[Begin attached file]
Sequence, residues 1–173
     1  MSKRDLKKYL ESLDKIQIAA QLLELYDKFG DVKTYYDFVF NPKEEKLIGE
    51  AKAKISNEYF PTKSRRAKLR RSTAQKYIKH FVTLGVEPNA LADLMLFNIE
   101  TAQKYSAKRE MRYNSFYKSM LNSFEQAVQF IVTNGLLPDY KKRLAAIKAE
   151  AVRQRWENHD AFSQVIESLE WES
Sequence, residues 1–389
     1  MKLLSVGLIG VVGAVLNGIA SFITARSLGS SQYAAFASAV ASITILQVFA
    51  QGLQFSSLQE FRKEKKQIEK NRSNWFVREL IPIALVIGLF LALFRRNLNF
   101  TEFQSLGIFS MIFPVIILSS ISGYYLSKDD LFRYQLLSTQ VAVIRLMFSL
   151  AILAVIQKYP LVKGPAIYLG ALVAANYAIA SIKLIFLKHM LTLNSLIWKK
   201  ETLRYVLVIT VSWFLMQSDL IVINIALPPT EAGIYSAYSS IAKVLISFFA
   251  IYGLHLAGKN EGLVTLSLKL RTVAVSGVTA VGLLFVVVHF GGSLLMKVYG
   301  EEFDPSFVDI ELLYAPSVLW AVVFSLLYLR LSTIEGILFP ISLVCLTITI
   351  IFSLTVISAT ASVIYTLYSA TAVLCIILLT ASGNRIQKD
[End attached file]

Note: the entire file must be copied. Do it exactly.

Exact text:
Sequence, residues 1–173
     1  MSKRDLKKYL ESLDKIQIAA QLLELYDKFG DVKTYYDFVF NPKEEKLIGE
    51  AKAKISNEYF PTKSRRAKLR RSTAQKYIKH FVTLGVEPNA LADLMLFNIE
   101  TAQKYSAKRE MRYNSFYKSM LNSFEQAVQF IVTNGLLPDY KKRLAAIKAE
   151  AVRQRWENHD AFSQVIESLE WES
Sequence, residues 1–389
     1  MKLLSVGLIG VVGAVLNGIA SFITARSLGS SQYAAFASAV ASITILQVFA
    51  QGLQFSSLQE FRKEKKQIEK NRSNWFVREL IPIALVIGLF LALFRRNLNF
   101  TEFQSLGIFS MIFPVIILSS ISGYYLSKDD LFRYQLLSTQ VAVIRLMFSL
   151  AILAVIQKYP LVKGPAIYLG ALVAANYAIA SIKLIFLKHM LTLNSLIWKK
   201  ETLRYVLVIT VSWFLMQSDL IVINIALPPT EAGIYSAYSS IAKVLISFFA
   251  IYGLHLAGKN EGLVTLSLKL RTVAVSGVTA VGLLFVVVHF GGSLLMKVYG
   301  EEFDPSFVDI ELLYAPSVLW AVVFSLLYLR LSTIEGILFP ISLVCLTITI
   351  IFSLTVISAT ASVIYTLYSA TAVLCIILLT ASGNRIQKD